Prompted by the Husky refinery explosion in Superior, Wis., federal chemical safety investigators are advocating a review of the oil refining industry's use of hydrogen fluoride, a highly toxic chemical.
The fiery accident a year ago this week led to an evacuation of large parts of Superior, as public-safety officials feared a release of hydrogen fluoride. In the end, storage tanks full of the chemical were never breached.
The U.S. Chemical Safety Board this week said it "strongly encourages" the federal Environmental Protection Agency (EPA) to review whether refineries' risk-management plans are sufficient to prevent "catastrophic releases" of hydrogen fluoride.
The letter also asks the EPA to determine if there are "commercially viable" alternatives to using hydrofluoric acid in the oil refining process. The Chemical Safety Board essentially wants the EPA to review and update the agency's 1993 study on the hazards of hydrogen fluoride, which was done at the behest of Congress.
Accidents involving hydrogen fluoride are rare. But the chemical can cause severe burns and, in a worst-case scenario, create a deadly gas cloud.
Hydrofluoric acid, which is hydrogen fluoride dissolved in water, is used as a catalyst to boost octane in gasoline at about half of the nation's refineries. The other half use sulfuric acid for the same purpose — which poses its own hazards but doesn't vaporize as fast hydrofluoric acid.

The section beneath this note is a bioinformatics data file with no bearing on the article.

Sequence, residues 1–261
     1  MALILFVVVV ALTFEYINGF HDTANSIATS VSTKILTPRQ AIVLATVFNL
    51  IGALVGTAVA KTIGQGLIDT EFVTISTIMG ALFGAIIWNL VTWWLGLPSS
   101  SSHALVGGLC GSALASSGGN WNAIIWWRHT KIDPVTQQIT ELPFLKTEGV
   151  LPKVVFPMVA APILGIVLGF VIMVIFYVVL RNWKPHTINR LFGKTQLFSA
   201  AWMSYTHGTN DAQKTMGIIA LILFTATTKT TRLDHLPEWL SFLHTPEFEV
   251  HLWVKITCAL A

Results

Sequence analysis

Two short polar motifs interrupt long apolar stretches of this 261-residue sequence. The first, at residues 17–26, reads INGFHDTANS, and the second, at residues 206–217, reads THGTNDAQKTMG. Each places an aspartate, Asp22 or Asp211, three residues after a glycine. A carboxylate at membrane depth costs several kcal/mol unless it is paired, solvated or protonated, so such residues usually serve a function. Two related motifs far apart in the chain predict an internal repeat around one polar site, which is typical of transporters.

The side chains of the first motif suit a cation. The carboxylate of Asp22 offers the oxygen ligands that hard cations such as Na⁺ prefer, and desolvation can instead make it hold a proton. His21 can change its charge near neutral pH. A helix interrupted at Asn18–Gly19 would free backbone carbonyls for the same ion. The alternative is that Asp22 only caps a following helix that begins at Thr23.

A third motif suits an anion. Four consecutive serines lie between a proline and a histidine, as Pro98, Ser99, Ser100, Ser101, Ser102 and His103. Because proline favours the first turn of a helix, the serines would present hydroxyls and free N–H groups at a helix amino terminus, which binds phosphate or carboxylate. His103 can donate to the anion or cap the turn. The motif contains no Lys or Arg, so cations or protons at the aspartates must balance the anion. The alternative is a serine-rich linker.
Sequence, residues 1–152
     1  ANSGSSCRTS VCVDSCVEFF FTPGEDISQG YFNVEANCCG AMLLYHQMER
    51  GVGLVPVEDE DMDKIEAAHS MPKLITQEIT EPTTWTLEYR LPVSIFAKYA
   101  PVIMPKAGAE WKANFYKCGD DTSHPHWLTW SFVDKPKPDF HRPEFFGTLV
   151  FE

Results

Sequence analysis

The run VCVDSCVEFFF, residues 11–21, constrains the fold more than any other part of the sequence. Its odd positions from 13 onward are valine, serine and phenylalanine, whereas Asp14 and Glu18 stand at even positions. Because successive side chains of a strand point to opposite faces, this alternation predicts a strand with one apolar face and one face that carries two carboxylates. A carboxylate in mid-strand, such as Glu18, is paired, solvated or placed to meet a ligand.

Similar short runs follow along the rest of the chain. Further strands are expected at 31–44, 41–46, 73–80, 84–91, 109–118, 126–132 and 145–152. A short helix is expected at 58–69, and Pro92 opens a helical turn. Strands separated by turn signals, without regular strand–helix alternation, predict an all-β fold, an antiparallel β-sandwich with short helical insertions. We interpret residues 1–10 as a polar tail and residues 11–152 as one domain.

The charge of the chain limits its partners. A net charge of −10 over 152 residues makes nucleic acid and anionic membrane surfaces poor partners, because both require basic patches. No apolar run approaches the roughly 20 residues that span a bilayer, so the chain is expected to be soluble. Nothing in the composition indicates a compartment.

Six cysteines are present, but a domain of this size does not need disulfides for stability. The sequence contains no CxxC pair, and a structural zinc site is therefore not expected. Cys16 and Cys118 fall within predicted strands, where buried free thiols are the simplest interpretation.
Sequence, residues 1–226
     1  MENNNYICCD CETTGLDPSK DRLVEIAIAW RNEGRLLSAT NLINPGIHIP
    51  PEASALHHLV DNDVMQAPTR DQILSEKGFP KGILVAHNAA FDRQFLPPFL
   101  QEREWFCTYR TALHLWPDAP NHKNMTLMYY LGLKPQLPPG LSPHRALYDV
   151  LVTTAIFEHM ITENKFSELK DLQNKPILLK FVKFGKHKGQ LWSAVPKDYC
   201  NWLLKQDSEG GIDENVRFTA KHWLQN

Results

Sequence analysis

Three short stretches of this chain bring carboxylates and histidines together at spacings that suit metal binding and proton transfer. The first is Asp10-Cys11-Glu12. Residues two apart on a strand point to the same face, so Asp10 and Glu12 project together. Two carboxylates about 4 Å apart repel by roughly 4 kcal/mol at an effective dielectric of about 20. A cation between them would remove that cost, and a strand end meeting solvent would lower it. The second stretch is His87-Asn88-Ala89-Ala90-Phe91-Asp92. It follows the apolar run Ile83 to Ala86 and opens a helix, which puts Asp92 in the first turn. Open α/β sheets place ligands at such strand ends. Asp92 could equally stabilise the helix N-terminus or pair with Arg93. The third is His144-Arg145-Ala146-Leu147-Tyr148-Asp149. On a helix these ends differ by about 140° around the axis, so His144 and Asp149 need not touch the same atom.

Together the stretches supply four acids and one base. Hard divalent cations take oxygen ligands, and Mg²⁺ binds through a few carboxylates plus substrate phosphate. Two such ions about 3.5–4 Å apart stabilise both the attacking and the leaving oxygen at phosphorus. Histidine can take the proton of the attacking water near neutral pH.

Marathon Petroleum's refinery in St. Paul Park uses hydrofluoric acid; Flint Hills Resources' oil refinery in Rosemount uses sulfuric acid.
The Chemical Safety Board's request to the EPA came after its investigations of the conflagration at Husky Energy's refinery and a 2015 explosion at the former Exxon Mobil refinery in Torrance, Calif.
"In the course of our investigations … we have become aware of community concerns about the use of hydrofluoric acid at these refineries and the adequacy of their risk management programs to protect against the release of this hazardous substance," the Chemical Safety Board wrote to the EPA.
The EPA said it is reviewing the letter.
The Chemical Safety Board is an independent agency that investigates chemical accidents and makes recommendations to companies and regulatory agencies, including the EPA.
The 2015 explosion at the Torrance refinery spewed debris that nearly hit two tanks containing modified hydrofluoric acid, the Chemical Safety Board concluded. At the Superior refinery, which Calgary, Alberta-based Husky Energy bought in 2017, an explosion hurled shrapnel into a tank containing asphalt, which leaked and ignited.
The Superior refinery's hydrofluoric acid tank was closer to the explosion point than its asphalt tank, the Chemical Safety Board found.
Husky Energy announced early this month that it will spend more than $400 million to rebuild the refinery, but it declined to stop using hydrogen fluoride. The company said it's not commercially viable to switch from hydrofluoric acid to sulfuric acid or any new octane-boosting technologies.